The Nile turns blood-red
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Hebrew media review

The Nile turns blood-red

Israeli press takes stock after at least 300 are killed in clashes between the military and the Muslim Brotherhood in Cairo

Ilan Ben Zion, a reporter at the Associated Press, is a former news editor at The Times of Israel. He holds a Masters degree in Diplomacy from Tel Aviv University and an Honors Bachelors degree from the University of Toronto in Near and Middle Eastern Civilizations, Jewish Studies, and English.

Supporters of ousted Islamist president Mohammed Morsi carry an injured protester at a sit-in camp in Cairo, August 14, 2013. (photo credit: AP/Mohammed Asad)
Supporters of ousted Islamist president Mohammed Morsi carry an injured protester at a sit-in camp in Cairo, August 14, 2013. (photo credit: AP/Mohammed Asad)

Large-scale slaughter in Egypt makes front page news in Israel as clashes between pro-Morsi protesters and the police leave an estimated 300 dead. Yedioth Ahronoth and Israel Hayom say Egypt is in a state of emergency following the clashes, and the latter sports the headline “Blood on the Nile” on its front page. Haaretz and Maariv contend that after revolution and counter-revolution, Egypt is now descending into civil war between Islamists and the military.

Israel Hayom reports that the 17-year-old daughter of Mohammed al-Balgati, head of the Muslim Brotherhood, was killed in the skirmish that aimed to clear out pro-Morsi protest encampments in central Cairo. Enraged at the military, he employed an expression that ignited the Egyptian imagination and raised eyebrows in Israel: “Even the Zionists didn’t do in Gaza in 2008 what [the military] did here!”

Maariv reports that the military-run interim government said the number of casualties exceeded 200, but the Muslim Brotherhood charged that thousands were slain. “In the streets of the cities of Egypt, and the capital Cairo in particular, chaos reigned [Wednesday],” the paper writes. “On one side: armed police forces using armored cars and bulldozers, and the other: Muslim Brotherhood protesters, most of whom were also armed.”

Gideon Kotz writes in the paper that the sympathies of the West and Israel lie with the secular camp, not the Muslim Brotherhood, which is said to have hijacked the revolution. Moreover they support the military, “which is a source of stability for us and for the West and is responsible for perpetuating the peace agreement and guaranteeing security in the Sinai.”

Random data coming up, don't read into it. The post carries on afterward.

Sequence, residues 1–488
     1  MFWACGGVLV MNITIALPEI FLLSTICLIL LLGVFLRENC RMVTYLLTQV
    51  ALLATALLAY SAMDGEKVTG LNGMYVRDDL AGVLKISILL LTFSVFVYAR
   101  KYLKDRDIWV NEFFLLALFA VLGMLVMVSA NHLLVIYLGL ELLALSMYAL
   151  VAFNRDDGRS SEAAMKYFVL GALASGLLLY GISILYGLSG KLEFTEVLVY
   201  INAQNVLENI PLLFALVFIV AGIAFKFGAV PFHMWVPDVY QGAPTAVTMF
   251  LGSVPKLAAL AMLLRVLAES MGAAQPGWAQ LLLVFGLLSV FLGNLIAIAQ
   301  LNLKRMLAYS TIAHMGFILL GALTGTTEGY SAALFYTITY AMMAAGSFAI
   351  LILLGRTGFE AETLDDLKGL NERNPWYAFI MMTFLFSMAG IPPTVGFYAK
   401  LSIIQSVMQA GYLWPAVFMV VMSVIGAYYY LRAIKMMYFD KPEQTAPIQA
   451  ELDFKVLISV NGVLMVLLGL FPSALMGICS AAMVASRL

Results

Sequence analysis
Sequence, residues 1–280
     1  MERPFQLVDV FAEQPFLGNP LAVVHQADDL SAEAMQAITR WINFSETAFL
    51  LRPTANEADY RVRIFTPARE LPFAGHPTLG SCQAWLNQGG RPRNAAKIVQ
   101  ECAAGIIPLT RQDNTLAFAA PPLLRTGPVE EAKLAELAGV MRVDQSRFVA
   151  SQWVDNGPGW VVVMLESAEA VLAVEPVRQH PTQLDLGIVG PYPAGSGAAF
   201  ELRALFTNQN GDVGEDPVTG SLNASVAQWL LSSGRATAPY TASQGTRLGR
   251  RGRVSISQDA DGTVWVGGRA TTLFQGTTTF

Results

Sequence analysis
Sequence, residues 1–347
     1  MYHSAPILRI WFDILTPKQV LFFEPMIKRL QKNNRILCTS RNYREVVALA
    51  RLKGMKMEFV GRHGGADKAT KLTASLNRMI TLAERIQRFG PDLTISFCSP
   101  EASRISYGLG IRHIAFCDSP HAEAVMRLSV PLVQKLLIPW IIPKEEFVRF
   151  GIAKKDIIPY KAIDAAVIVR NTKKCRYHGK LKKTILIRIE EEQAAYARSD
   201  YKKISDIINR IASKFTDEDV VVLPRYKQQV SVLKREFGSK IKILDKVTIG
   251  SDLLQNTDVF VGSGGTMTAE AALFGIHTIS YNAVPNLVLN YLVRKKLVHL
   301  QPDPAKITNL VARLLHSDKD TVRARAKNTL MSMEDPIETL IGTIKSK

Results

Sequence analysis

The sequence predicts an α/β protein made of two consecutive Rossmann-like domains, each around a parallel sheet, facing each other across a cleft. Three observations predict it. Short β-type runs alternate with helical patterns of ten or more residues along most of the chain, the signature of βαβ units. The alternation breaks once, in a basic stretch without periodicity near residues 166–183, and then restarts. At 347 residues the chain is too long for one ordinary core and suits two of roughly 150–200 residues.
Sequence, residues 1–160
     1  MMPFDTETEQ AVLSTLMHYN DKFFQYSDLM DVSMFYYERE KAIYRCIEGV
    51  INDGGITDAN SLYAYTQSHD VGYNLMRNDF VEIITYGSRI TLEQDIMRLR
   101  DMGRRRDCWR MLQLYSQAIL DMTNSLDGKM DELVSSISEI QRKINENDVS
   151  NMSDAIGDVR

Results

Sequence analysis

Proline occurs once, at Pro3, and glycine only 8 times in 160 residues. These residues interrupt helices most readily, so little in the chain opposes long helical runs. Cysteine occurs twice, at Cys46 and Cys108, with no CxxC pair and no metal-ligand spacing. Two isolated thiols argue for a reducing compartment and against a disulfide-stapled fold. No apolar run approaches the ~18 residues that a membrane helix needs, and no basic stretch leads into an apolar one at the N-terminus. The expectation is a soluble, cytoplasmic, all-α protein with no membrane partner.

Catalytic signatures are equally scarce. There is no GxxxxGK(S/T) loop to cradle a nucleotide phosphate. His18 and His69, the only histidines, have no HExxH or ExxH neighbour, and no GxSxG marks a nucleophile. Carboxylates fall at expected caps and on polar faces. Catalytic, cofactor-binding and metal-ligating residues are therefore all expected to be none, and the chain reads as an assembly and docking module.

He says, however, that the images broadcast from Egypt of unarmed protesters being mowed down by police conflict with those sentiments. “The protesters, the Muslim Brotherhood and supporters of Morsi, are they who will be etched in the mind because of the great many who have fallen and will fall among them,” he writes in Maariv.

“Global public opinion will be outraged, to their benefit.”

As of Wednesday night, Haaretz reports, the death toll spiked to 278, including 43 police officers and two journalists. Nearly 2,000 were injured in the melees, and rows of bloody bodies take up much of the front page.

Columnist Zvi Bar’el writes that the skirmishes of the past six weeks since president Mohammed Morsi was ousted are “no longer a fight to disperse demonstrations. It has become a political-military battle for control of the country.” The military, once again in control, has come down as clearly anti-Muslim Brotherhood.

The crackdown against the Islamist group that ruled Egypt for the past year poses a dilemma for the liberal elements of Egyptian politics, however, Bar’el writes. “They can’t oppose the army’s fight against the Muslim Brotherhood because they were the ones who began the revolution against Morsi and needed the army to win. But they also can’t agree to the army’s dictatorial control.”

“The fear is that clashes will spread to other cities and even deteriorate into urban guerrilla warfare between the army and the Brotherhood,” he writes, noting that some Egyptian reports indicated that anti-Morsi protesters have organized defense groups to protect government buildings, and may take up arms to do so.

Professor Eyal Zisser writes in Israel Hayom that Morsi’s removal of Egyptian general and defense minister Mohammed Hussein Tantawi last year was viewed as a power play to remove a strong Mubarak-era figure, but it paved the way for the rise of young-blooded Abdel-Fattah el-Sissi.

“With el-Sissi’s appointment the Egyptian military returned to itself, and in a two-stage move struck at the Muslim Brotherhood,” he writes. “First he threw out their representative from the presidency, and now he is casting out Muslim Brotherhood men from the streets.”

“Soon they will be driven out, of course, from the public and media fora, just like during the days of [former president] Hosni Mubarak,” Zisser contends.

By far the most interesting perspective on the violence is found in Yedioth Ahronoth, which has an Egyptian Hebrew teacher from Cairo write an op-ed for the paper.

“For 45 years already we’ve been waiting for this moment, and we knew that the moment that Ramadan ended the army would do what it needed and clear out the Muslim Brotherhood strongholds,” Monir Mohammed writes.

“The final card left for the Muslim Brotherhood, or at least the radicals among them, is to cry ‘massacre, massacre, massacre’ in every language that would cause the West to have mercy on them — but they won’t deter us,” Mohammed, a secular Egyptian activist, says.

“We, tens of millions of Egyptians, especially the youths in the Tamarod movement, declared in a loud voice that we won’t let them hijack the revolution again. Now we just hope that the difficult moments will pass soon.”

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